One of the nation’s top immigration think tanks estimates that 1.76 million undocumented people could attempt to benefit from an Obama administration decision to shield them from deportation, temporarily, and grant them two-year work permits. Moreover, the Migration Policy Institute in Washington, D.C. estimates in its new report that 58 percent of this population who are now between 15 and 30 years old are already in the U.S. labor force.
As of Aug. 15, the administration is opening up the process for certain undocumented youths brought here as children to apply for the two-year reprieve. It represents one of the biggest undertakings by U.S. immigration officials in years. It is not a program for permanent residency, but it does provide youths who meet the criteria temporary protection from deportation, as well as the ability to work legally and stop using fake Social Security cards or laboring off the books.
The Migration Policy Institute’s report includes state-by-state charts and other estimates that help paint a portrait of where and who the youths are. The report is based in part on data from the U.S. Census and the Bureau of Labor Statistics.
The institute estimates that California alone could have 460,000 potential applicants. Youths cannot apply until they are 15 years old, so applications will be accepted on a rolling basis. There is no deadline to apply. The limits are set by maximum age limits and other criteria.
The Obama policy, outlined in June 15 memo, is limited to youths who were brought here before they turned 16 and have lived continuously in the United States for five years since their arrival. The youths must also be in school or have graduated from high school or obtained a GED. They cannot be over 30 at the time of the policy was announced. And they must pass a biometric and national-security screening and cannot have committed certain crimes.
Employers and schools are going to be critical players in this process because youths will ask them to provide supporting documents proving residency and education claims. Youth advocates are concerned that employers get assurance that by helping youths, they won’t end up in trouble with officials who enforce laws against knowingly hiring illegal immigrants.
The application costs $465. Homeland Security’s U.S. Citizenship and Immigration Services (USCIS), which will screen applicants, relies on fees to pay for much of its work.
At an event Tuesday at the Migration Policy Institute, USCIS director Alejandro Mayorkas clarified that the administration’s policy actually includes an incentive to remain in school to obtain the temporary reprieve. If youths who have dropped out of high school go back to classes or pursue a GED, then can meet the criteria for eligibility and go ahead and apply.
Such individuals “must be in school the day they submit the application,” Mayorkas said. The Migration Policy Institute estimates that 350,000 youths who are between 16 and 30 could benefit from this.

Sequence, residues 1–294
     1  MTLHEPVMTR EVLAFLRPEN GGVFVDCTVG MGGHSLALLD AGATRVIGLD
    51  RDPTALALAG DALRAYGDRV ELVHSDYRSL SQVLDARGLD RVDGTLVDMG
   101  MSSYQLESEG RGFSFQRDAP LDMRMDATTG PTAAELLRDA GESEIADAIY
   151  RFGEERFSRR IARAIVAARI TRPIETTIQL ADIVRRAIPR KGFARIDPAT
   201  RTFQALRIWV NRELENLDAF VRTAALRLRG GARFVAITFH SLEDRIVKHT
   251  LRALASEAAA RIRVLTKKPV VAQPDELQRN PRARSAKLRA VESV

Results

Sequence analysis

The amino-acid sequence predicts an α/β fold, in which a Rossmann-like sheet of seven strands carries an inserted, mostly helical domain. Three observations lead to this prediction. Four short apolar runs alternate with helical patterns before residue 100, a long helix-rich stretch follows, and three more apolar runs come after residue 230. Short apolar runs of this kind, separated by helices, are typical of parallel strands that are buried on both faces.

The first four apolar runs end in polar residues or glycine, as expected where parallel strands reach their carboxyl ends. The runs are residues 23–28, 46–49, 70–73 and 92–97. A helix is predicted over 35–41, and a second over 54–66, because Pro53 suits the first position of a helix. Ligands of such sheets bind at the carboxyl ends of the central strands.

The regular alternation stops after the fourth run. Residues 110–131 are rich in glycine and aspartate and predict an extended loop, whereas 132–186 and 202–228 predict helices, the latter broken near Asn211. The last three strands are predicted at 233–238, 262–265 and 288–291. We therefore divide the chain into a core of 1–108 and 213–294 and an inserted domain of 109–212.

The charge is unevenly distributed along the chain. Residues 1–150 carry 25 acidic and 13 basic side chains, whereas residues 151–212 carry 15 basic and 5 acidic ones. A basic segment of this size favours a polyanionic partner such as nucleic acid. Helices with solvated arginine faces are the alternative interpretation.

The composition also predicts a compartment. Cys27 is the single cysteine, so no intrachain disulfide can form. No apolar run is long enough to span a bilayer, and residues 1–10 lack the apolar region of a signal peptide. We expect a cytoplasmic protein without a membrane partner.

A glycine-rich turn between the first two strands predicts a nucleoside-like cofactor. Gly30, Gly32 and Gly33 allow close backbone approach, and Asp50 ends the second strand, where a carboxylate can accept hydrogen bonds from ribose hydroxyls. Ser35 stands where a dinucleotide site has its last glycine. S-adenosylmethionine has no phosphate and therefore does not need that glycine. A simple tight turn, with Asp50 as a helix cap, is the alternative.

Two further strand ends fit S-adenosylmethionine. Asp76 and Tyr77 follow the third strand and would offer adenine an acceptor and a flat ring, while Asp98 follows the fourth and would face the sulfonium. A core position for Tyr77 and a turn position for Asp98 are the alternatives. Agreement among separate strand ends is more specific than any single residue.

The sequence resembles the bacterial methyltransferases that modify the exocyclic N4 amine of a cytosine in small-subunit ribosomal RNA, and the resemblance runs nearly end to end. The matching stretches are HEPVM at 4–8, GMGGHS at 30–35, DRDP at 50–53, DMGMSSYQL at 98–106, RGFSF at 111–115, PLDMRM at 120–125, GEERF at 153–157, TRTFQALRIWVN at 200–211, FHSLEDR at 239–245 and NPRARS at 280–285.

Critics have argued that Obama’s action is an overreach f his authority, and a bid to increase his appeal among Latino voters in an election year.
At the Tuesday event, a former Department of Homeland Security principal deputy counsel argued that the program was within the administration’s right to exercise prosecutorial discretion. David Martin, the former deputy counsel, doubted that presumptive Republican presidential nominee Mitt Romney, if elected in November, would move to eliminate the program right away. “I think it would be hard for a new administration to come in and completely clear the decks on this,” Martin said.
Romney hasn’t explicitly said he would reverse Obama’s action, which is called Deferred Action for Childhood Arrivals, or DACA. But Romney has said that he opposes the DREAM Act, a bill in Congress that has idled for 10 years, and lost the strong support it once had among a few Republican senators. The proposal would allow certain undocumented youths to earn legal residency by attending school or serving in the military.
A Romney campaign immigration adviser, however, did issue a strong attack on the DACA program.
Kris Kobach, Kansas’ Republican Secretary of State, called the program “illegal” and “deeply troubling” in an exclusive interview with ThinkProgress. Kobach has been deeply involved in state and local-level immigration fights. He helped draft Arizona’s controversial state law requiring police to inquire about legal status if they suspect people officers stop might be undocumented. And he championed failed courts challenges to overturn Kansas and California state laws allowing undocumented college students who grew up in those states to pay in-state, rather than out-of-state tuition.
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